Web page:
Apr 23, 2019, 10:00 amPublic meeting of a regional group with participants and topics of discussion that relate to the metro Boston region.
About the Event
The Council would like to thank all who attended and testified at the March 12 Public Hearing on Regulation of Tree Removal on Private Property.
On April 4, the Legislative Matters Committee will begin discussion of the Proposed Tree Preservation Ordinance linked to here.
The Council encourages the public to continue to participate in this important effort to best protect the mature urban forest and significant private trees.
To review the proposed ordinance, which differs in a number of ways from the proposed zoning amendment, click here. Further opportunities for comment will be announced broadly and posted here.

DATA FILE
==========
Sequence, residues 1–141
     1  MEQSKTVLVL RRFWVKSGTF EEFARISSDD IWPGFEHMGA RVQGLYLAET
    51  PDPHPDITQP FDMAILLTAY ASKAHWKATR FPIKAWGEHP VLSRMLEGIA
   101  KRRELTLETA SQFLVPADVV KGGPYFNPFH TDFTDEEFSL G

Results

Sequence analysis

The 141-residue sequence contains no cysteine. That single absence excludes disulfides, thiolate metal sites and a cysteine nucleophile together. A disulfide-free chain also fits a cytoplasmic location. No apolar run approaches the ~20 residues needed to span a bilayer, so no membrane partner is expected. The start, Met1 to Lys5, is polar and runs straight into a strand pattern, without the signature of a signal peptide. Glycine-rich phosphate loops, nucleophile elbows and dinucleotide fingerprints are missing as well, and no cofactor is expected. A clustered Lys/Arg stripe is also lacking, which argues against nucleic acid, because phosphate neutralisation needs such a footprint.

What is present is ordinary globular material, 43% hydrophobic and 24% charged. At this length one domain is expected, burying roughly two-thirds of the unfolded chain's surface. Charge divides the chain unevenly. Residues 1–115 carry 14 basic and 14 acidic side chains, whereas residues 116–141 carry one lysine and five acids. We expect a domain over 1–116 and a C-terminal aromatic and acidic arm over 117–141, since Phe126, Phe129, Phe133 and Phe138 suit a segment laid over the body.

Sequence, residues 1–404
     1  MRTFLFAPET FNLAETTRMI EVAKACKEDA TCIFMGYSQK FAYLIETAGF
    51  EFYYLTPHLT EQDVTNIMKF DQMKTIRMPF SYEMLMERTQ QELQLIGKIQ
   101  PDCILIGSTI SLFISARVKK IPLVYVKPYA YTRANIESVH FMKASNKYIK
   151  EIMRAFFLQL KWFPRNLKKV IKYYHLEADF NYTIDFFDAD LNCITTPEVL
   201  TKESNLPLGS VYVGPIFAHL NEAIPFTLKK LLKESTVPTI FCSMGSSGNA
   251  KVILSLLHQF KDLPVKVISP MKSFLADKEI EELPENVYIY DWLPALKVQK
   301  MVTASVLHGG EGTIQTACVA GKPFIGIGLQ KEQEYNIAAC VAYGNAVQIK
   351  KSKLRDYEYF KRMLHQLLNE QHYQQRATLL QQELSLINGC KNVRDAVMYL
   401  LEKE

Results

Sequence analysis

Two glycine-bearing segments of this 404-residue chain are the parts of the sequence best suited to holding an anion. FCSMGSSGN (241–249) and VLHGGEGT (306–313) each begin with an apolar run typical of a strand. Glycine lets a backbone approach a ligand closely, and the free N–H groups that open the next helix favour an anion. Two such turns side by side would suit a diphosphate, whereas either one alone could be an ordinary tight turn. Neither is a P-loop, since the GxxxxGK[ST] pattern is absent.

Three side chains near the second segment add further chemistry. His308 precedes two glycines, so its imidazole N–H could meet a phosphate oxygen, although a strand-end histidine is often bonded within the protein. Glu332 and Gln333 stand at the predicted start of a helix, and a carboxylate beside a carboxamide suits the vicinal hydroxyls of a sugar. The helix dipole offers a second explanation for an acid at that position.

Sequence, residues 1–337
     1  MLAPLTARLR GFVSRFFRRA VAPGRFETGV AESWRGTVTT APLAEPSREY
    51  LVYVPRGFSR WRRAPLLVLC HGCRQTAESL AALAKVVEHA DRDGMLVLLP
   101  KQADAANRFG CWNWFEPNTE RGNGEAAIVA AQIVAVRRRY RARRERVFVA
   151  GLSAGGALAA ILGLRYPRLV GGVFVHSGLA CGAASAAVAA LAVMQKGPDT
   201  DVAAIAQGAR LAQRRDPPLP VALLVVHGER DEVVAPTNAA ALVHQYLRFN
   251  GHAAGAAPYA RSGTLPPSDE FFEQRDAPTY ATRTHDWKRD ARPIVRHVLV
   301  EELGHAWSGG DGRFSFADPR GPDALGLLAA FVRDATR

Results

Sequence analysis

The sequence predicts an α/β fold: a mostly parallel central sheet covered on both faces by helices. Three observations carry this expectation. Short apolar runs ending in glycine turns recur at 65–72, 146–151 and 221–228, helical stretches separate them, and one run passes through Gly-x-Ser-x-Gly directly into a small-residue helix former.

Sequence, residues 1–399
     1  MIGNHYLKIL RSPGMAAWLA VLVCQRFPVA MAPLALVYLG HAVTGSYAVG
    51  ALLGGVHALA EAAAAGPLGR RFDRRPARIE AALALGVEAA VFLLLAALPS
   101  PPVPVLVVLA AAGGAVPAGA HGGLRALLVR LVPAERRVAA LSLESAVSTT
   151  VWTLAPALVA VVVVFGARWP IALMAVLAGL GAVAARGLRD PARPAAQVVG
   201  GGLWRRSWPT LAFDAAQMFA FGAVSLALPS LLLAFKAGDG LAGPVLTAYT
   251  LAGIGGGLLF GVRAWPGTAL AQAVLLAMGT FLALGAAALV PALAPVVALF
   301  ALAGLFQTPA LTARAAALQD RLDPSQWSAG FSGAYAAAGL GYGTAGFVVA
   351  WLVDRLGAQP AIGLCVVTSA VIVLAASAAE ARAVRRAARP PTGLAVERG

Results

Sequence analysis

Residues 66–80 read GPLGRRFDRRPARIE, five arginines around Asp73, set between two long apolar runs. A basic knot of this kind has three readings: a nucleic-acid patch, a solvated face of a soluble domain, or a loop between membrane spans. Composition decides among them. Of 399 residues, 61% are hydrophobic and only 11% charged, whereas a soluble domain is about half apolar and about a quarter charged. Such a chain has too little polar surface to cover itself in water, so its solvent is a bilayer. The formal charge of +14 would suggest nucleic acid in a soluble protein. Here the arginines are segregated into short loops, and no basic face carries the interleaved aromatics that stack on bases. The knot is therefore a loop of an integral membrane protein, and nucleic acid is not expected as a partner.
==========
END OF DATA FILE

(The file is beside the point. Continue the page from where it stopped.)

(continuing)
Members of the public are invited to attend and speak at a Public Hearing on Tuesday, March 12, on proposed changes to the Somerville Zoning Ordinance that would regulate the removal of significant trees from all private property, including residential property, in the city. The hearing, held by the City Council Land Use Committee of the Whole, will take place March 12, after 6 p.m., at City Hall, along with several other consecutive public hearings. Written testimony may also be submitted to [email protected] and [email protected].